The present method is a novel method to prepare nanoparticles to facilitate excellent batch-to-batch reproducibility during nanoparticle fabrication and scale-up using the inverse electron demand Diels-Alder (IEDDA) reaction to facilitate dipolymerization followed by nanoparticle precipitation in a mixture of solvents. Using this strategy, it is the solvent composition among other formulation variables at the point of polymer coupling that determines polymer precipitation and particle formation. In the present method, this variable can easily be controlled from batch to batch and with scale-up. Optimization of the nanoparticle formation process by varying formulation and process variables will lead to reproducible nanoparticle characteristics.

The present inventor has contributed to the use of dispersion polymerization for drug delivery applications (Adesina et al., “Optimization of the fabrication of novel stealth PLA-based nanoparticles by dispersion polymerization using D-optimal mixture design”, Drug Development and Industrial Pharmacy, 2013, 40(11): 1547-1556; Adesina et al., “Polylactide-based Paclitaxel-loaded Nanoparticles Fabricated by Dispersion Polymerization: Characterization, Evaluation in Cancer Cell Lines, and Preliminary Biodistribution Studies”, Journal of Pharmaceutical Sciences, 2014, 103(8): 2546-2555; Akala and Adesina, “Chapter 1—“Fabrication of polymeric core-shell nanostructures” Nanoscale Fabrication, Optimization, Scale-Up and Biological Aspects of Pharmaceutical Nanotechnology”, Pages 1-49, Edited by Alexandru Mihai Grumezescu. Elsevier Inc. (2018) ISBN: 978-0-12-813629-4; the content of all of which is incorporated herein by reference). In dispersion, the starting reaction mixture is a clear, single-phase solution; particles are formed by precipitation of growing polymer chains. Therefore, the solvent medium becomes a dispersion medium (Horak, “Effect of reaction parameters on the particle size in the dispersion polymerization of 2-Hydroxyethyl Methacrylate”, J. Polym. Sci. A Polym. Chem., 1999, 37: 3785-3792; Capek, “Surface active properties of polyoxyethylene macromonomers and their role in radical polymerization in disperse systems”, Adv. Colloid Interface Sci., 2000, 88(3): 295-357; Leobandung et al., “Monodisperse Nanoparticles of Poly(ethylene glycol) Macromers and N-Isopropyl Acrylamide for Biomedical Applications”, J. Appl. Polym. Sci., 2003, 87:1678-1684; Song et al., “Monodisperse, controlled micron-size dye-labeled polystyrene particles by two stage dispersion polymerization”, Polymer, 2006, 47: 817-825; Ha et al., “Size Control of Highly Monodisperse Polystyrene Particles by Modified Dispersion Polymerization”, Macromol. Res., 2010, 18(10): 935-943).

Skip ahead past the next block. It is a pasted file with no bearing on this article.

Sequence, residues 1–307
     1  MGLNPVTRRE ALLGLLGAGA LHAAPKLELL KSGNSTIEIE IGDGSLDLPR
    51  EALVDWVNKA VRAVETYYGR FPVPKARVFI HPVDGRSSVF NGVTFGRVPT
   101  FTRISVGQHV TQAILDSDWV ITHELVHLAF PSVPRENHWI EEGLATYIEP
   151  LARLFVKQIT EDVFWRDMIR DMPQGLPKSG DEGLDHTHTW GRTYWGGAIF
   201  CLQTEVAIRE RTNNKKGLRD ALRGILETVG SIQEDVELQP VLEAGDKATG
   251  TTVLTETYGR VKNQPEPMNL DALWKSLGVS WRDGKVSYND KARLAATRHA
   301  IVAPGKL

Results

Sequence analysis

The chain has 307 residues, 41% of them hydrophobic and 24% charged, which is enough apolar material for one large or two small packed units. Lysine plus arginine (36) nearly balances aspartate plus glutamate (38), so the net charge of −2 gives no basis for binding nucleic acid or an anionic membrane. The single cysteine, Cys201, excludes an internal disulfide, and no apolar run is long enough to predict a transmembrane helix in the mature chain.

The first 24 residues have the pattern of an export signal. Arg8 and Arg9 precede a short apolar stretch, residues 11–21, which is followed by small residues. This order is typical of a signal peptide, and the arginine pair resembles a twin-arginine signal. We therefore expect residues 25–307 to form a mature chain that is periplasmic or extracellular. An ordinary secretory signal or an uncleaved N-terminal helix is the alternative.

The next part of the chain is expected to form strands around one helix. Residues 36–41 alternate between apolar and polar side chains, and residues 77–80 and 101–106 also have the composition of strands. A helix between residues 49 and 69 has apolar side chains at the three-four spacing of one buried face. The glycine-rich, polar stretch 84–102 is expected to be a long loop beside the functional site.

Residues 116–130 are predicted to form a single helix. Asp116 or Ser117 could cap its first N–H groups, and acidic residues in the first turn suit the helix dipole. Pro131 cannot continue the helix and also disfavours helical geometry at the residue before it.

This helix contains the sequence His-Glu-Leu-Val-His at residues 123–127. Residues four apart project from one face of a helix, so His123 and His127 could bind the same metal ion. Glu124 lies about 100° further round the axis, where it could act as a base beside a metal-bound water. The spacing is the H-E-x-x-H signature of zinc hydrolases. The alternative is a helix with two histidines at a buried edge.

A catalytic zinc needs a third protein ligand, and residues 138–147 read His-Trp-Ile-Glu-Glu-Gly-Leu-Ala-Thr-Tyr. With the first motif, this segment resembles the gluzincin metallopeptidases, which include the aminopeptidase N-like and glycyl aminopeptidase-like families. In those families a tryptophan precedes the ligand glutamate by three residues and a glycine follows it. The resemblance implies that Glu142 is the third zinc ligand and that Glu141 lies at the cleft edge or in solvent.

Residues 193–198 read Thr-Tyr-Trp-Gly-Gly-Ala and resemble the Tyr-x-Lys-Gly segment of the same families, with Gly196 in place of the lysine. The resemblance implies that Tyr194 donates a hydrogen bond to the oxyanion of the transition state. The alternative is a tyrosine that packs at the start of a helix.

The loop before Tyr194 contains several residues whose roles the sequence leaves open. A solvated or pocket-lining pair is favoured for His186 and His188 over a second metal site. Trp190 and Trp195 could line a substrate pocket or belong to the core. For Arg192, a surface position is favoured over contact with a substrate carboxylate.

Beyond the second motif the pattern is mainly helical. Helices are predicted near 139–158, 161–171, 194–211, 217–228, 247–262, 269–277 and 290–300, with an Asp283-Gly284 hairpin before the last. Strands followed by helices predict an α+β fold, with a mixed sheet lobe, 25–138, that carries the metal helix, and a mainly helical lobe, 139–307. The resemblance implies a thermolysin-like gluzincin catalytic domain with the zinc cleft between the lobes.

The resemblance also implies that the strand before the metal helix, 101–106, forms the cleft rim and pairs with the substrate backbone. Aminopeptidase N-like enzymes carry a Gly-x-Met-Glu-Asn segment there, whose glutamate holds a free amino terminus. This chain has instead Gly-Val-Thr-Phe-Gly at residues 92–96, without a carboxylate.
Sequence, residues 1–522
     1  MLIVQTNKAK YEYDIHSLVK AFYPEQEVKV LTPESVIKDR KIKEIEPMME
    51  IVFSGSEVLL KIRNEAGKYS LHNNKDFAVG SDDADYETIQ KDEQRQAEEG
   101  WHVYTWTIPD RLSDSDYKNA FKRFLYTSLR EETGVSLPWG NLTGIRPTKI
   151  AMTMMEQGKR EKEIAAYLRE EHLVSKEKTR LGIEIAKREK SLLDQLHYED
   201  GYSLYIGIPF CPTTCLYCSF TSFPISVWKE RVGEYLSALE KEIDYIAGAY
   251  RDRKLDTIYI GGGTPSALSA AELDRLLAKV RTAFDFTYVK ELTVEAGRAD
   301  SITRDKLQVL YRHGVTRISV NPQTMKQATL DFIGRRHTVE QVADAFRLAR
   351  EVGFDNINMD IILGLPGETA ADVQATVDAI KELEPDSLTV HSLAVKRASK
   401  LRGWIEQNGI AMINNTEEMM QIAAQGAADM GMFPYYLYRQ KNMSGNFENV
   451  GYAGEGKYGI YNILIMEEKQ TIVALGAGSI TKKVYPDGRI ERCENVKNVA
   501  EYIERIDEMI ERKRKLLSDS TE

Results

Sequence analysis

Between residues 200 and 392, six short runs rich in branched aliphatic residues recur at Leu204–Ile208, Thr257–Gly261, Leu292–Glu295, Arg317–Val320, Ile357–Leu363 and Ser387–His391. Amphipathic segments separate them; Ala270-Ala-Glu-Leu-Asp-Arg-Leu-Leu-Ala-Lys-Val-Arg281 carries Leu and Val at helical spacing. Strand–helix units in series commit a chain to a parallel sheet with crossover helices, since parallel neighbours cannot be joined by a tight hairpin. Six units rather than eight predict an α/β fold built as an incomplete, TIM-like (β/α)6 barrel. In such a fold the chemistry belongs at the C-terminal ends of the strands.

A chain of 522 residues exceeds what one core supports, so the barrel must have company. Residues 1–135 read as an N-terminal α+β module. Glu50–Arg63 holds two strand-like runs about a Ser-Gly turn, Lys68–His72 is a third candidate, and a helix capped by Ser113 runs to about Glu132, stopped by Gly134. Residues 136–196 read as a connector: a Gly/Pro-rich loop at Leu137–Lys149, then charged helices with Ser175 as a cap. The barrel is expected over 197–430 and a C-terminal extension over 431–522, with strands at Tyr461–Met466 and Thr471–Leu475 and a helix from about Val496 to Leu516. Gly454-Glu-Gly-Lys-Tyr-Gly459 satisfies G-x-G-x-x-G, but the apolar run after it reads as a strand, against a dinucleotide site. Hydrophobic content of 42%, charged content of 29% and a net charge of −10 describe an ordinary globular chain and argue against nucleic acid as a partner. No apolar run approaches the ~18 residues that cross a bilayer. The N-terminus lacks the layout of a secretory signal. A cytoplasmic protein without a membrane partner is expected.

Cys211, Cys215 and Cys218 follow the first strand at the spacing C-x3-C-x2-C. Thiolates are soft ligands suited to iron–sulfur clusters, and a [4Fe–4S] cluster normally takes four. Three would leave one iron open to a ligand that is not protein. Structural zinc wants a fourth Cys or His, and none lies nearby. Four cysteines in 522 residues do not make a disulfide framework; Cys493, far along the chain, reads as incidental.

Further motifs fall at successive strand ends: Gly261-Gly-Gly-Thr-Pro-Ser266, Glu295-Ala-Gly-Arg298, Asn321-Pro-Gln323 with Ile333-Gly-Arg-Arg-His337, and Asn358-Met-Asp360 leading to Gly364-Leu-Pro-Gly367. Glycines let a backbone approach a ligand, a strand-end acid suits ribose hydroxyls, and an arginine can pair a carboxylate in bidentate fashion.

Nanoprecipitation requires the addition of two solvents that are miscible with each other and the method results in instantaneous formation of nanoparticles, is easy to perform, can be easily scaled up and is a one-step procedure (Yadav et al., “Modified Nanoprecipitation Method for Preparation of Cytarabine-Loaded PLGA Nanoparticles”, AAPS PharmSciTech., 2010, 11(3): 1456-1465; the content of which is incorporated herein by reference). In nanoprecipitation, polymer and drug are dissolved in a water miscible organic solvent, for example, acetone or methanol. The solution is then added into an aqueous solution which contains a surfactant in a drop-wise manner. Through rapid solvent diffusion, the nanoparticles are formed immediately. The solvent is then removed under reduced pressure (Wang et al., “Manufacturing Techniques and Surface Engineering of Polymer Based Nanoparticles for Targeted Drug Delivery to Cancer”, Nanomaterials, 2016, 6, 26; the content of which is incorporated herein by reference). The size uniformity of polymeric nanoparticles is the most significant parameter that decides the consistency of performance.

Nanoprecipitation yields particles with broad particle size distribution affecting the consistency of performance which affects clinical translation (Chidambaram et al., “Modifications to the Conventional Nanoprecipitation Technique: An Approach to Fabricate Narrow Sized Polymeric Nanoparticles”, Adv. Pharm Bull., 2014, 4(2): 205-208). Particles with broad particle size distribution leads to difficulty in establishing the size of particles responsible for the biological effects. With dispersion polymerization on the other hand, although the reaction belongs to solution polymerization before the stage of the nucleation, the polymerization and polymer particle growth occur within the particles and, consequently, it is difficult to obtain uniform particles and uniform size distribution. In addition, the requirement of low monomer concentration and/or special processes hinder the practical application of precipitation polymerizations and these requirements are essential to avoid the coagulation of the resultant polymer particles (Liu et al., “Self-Stabilized Precipitation Polymerization and Its Application”, Research, 2018, Volume 2018, Article ID 9370490, 12 pages). Chemical initiators used in dispersion polymerization may also confer toxicity.